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14.  Similarly, the MSRB believes the same limited agency functions can be undertaken by a broker's broker toward other dealers. For example, if a broker's broker effects agency transactions for other dealers and its services have been explicitly limited to providing anonymity, communication, order matching and/or clearance functions and the dealer does not exercise discretion as to how or when a transaction is executed, then the MSRB believes the broker's broker is not required to take further actions on individual transactions to ensure that its agency transactions with other dealers are effected at fair and reasonable prices.

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15.  See e.g., Rule G-19 Interpretation—Notice Concerning the Application of Suitability Requirements to Investment Seminars and Customer Inquiries Made in Response to a Dealer's Advertisement, May 7, 1985, MSRB Rule Book (July 1, 2001) at 135; In re F.J. Kaufman and Company of Virginia, 50 S.E.C. 164, 168, 1989 SEC LEXIS 2376, *10 (1989). In a 1988 Release, the Commission's discussion of municipal underwriters' responsibilities noted that “a broker-dealer recommending securities to investors implies by its recommendation that it has an adequate basis for the recommendation.” Municipal Securities Disclosure, Release No. 34-26100 (September 22, 1988) (the “1988 SEC Release”) at text accompanying note 72.

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16.  A customer's bid for, offer of, or request for bid or offer is included within the meaning of a “quotation' if it is disseminated by a dealer.

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17.  The disseminating dealer need not identify by name the maker of the quotation, but only that such quotation was made by another dealer or an SMMP, as appropriate.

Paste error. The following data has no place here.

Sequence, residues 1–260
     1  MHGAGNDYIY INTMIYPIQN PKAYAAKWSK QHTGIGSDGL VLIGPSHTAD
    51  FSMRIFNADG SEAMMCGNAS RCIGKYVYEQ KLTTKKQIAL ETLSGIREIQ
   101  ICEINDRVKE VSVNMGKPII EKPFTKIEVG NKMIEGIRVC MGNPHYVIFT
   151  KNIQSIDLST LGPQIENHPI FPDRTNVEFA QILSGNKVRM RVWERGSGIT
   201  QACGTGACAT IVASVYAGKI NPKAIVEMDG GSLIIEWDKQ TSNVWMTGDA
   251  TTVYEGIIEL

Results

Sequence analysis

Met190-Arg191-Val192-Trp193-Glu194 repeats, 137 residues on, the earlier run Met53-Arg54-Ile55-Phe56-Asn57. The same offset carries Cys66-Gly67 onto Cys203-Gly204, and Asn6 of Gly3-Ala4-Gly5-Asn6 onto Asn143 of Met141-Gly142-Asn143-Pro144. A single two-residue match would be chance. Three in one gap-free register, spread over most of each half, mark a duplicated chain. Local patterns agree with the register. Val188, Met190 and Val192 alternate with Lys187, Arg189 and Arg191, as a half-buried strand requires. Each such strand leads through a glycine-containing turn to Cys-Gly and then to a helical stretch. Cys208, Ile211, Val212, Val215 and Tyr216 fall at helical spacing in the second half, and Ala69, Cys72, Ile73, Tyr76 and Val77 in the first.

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18.  The MSRB believes that, consistent with its view previously expressed with respect to “bait-and-switch” advertisements, a dealer that includes a price in its quotation that is designed as a mechanism to attract potential customers interested in the quoted security for the primary purpose of drawing such potential customers into a negotiation on that or another security, where the quoting dealer has no intention at the time it makes the quotation of executing a transaction in such security at that price, could be a violation of rule G-17. See Rule G-21 Interpretive Letter—Disclosure Obligations, MSRB Interpretation of May 21, 1998, MSRB Rule Book (July 1, 2001) at p. 139.

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19.  See Rule G-13 Interpretation, Notice of Interpretation of Rule G-13 on Published Quotations, April 21, 1988, MSRB Rule Book (July 1, 2001) at 91.

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20.  See letter from Lynnette Kelly Hotchkiss, Senior Vice President and Associate General Counsel, The Bond Market Association (“TBMA”), to Mr. Jonathan Katz, Secretary, Commission, dated March 1, 2002; letter from James C. White, Senior Vice President, Schwab Capital Markets, Charles Schwab (“Schwab”), to Jonathan G. Katz, Secretary, Commission, dated March 4, 2002; letter from Amy B.R. Lancellotta, Senior Counsel, Investment Company Institute (“ICI”), to Mr. Jonathan G. Katz, Secretary, Commission, dated March 4, 2002; letter from Stanley N. Griffith, Vice President/Associate General Counsel, Fidelity Management & Research Co., Fidelity Investments (“Fidelity”), to Jonathan G. Katz, Secretary, Commission, dated March 13, 2002; letter from Ian MacKinnon, Managing Director, The Vanguard Group (“Vanguard”), to Jonathan G. Katz, Commission, dated March 25, 2002.

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21.  See letter from TMBA, note 20, supra.

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22.  See letters from Schwab, ICI, and Fidelity, note 20, supra.

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23.  See letter from TBMA, note 20, supra.

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24.  [24]Id.

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25.  [25]Id.

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26.  See letter from ICI, note 20, supra.

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29.  See letter from Fidelity, note 20, supra.

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32.  See letter from Vanguard, note 20, supra.

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34.  See letter from Schwab, note 20, supra.

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37.  Additionally, in approving this rule, the Commission notes that it has considered the proposed rule's impact on efficiency, competition and capital formation. 15 U.S.C. 78c(f).

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38.  15 U.S.C. 78o-4(b)(2)(c).

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[FR Doc. 02-11231 Filed 5-6-02; 8:45 am]

BILLING CODE 8010-01-u